By Tom Fawthrop
Vientiane, Laos, November 9, 2017
The global rise of environmental activism against large dams in the 1990s has been increasingly countered in the new millennium through the promotion of so-called “sustainable hydropower.” The World Bank-funded US$1.4 billion Nam Theun 2 dam in central Laos on the Mekong River was supposed to serve as showcase of this better kind of dam.
But seven years after the massive hydropower facility commenced operations in 2010 the same problems and flaws that sparked protests and plagued the reputation of an earlier generation of dams have cropped up again around Nam Theun 2, also known as NT2.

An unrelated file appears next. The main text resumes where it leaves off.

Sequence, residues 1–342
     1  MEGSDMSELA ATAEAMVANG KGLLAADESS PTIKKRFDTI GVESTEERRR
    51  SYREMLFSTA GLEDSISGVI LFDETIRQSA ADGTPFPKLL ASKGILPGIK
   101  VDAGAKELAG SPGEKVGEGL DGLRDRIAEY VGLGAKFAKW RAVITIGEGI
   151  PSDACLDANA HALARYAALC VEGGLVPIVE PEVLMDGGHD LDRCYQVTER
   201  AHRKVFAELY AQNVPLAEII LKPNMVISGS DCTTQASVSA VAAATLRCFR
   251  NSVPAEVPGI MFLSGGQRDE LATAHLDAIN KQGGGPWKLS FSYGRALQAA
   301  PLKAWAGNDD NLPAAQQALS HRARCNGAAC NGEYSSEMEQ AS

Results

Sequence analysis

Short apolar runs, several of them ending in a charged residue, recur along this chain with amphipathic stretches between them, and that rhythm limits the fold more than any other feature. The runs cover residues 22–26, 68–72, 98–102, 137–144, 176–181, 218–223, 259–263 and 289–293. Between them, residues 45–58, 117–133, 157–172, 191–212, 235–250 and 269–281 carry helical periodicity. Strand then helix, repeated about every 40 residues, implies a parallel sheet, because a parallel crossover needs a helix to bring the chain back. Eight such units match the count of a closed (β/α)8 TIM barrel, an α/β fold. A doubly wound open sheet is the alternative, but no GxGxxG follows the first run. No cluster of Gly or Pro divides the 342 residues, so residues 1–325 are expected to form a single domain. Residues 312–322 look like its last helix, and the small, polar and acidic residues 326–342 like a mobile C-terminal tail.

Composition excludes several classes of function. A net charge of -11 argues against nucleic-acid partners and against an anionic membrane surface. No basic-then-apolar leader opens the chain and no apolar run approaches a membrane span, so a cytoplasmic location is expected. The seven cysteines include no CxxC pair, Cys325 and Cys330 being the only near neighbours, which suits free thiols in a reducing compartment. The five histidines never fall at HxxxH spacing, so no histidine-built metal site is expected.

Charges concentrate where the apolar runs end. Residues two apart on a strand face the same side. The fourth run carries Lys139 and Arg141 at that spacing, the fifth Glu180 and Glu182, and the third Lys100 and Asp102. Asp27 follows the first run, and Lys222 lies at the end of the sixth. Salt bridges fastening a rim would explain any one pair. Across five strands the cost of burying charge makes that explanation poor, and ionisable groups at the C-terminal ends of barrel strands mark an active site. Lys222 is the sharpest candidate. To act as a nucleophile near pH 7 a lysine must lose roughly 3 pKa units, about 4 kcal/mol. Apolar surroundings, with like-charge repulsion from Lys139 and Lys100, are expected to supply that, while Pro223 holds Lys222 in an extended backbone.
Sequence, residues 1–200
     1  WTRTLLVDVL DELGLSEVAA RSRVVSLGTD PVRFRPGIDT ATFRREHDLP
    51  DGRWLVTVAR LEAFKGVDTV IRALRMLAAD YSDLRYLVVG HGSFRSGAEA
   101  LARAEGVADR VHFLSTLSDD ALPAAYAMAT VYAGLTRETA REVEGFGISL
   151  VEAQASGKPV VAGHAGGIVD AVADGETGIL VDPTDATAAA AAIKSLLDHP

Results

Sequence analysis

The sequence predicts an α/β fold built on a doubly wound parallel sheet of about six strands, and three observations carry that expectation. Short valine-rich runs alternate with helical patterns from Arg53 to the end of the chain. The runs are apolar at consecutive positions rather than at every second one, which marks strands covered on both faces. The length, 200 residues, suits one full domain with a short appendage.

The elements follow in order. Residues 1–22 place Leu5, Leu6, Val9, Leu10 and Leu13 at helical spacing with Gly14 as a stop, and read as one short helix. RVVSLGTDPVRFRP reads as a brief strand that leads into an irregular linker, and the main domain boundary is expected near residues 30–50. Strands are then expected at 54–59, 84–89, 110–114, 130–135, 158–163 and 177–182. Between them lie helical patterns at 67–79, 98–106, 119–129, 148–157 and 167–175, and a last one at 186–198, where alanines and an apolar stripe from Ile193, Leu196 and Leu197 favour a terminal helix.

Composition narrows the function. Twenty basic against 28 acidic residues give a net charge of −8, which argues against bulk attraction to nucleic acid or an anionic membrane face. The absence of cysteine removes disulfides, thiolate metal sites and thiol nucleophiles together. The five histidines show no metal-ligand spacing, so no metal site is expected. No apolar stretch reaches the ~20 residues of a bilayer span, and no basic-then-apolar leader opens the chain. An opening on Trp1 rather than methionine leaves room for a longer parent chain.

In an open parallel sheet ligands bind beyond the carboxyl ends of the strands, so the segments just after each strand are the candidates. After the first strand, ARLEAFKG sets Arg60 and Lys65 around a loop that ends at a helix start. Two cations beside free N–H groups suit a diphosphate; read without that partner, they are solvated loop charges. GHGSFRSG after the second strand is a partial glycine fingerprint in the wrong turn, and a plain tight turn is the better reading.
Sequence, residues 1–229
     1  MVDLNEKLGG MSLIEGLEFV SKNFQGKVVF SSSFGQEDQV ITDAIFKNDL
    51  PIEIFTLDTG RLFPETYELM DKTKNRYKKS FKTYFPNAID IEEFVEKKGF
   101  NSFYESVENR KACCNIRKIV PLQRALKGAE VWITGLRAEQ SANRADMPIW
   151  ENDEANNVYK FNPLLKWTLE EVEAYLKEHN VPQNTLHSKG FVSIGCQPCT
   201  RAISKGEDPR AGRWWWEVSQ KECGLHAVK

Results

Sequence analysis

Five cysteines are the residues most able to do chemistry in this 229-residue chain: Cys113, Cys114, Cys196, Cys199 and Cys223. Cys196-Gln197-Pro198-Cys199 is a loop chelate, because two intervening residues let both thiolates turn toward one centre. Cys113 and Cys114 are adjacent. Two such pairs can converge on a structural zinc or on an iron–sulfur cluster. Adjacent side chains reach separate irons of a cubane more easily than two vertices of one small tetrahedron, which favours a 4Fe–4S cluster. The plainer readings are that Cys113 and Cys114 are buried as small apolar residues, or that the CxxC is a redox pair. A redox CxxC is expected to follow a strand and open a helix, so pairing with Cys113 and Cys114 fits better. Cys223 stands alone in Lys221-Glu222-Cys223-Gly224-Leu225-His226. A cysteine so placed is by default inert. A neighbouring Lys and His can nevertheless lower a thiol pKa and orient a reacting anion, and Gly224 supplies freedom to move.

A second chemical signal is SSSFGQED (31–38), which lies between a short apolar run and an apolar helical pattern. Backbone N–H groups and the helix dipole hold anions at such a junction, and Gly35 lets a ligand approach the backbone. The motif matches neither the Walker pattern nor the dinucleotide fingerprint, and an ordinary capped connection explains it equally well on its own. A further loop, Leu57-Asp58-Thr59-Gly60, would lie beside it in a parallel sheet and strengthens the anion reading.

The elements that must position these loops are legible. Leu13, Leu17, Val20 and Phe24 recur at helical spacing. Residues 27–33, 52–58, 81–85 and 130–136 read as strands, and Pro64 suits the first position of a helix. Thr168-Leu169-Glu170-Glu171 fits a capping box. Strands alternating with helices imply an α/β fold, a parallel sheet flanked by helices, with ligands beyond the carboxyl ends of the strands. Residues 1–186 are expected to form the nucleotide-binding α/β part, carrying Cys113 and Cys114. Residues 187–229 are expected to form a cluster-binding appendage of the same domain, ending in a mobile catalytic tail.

The World Bank’s reversion to the promotion of hydropower projects after years of withering criticism of previous projects centered on its approval of the NT2 dam in 2005. The multilateral lender pushed back against anti-dam movements and aggrieved communities by staking out a new paradigm supposedly based on a best practice approach of good governance, transparency and stakeholder consultation.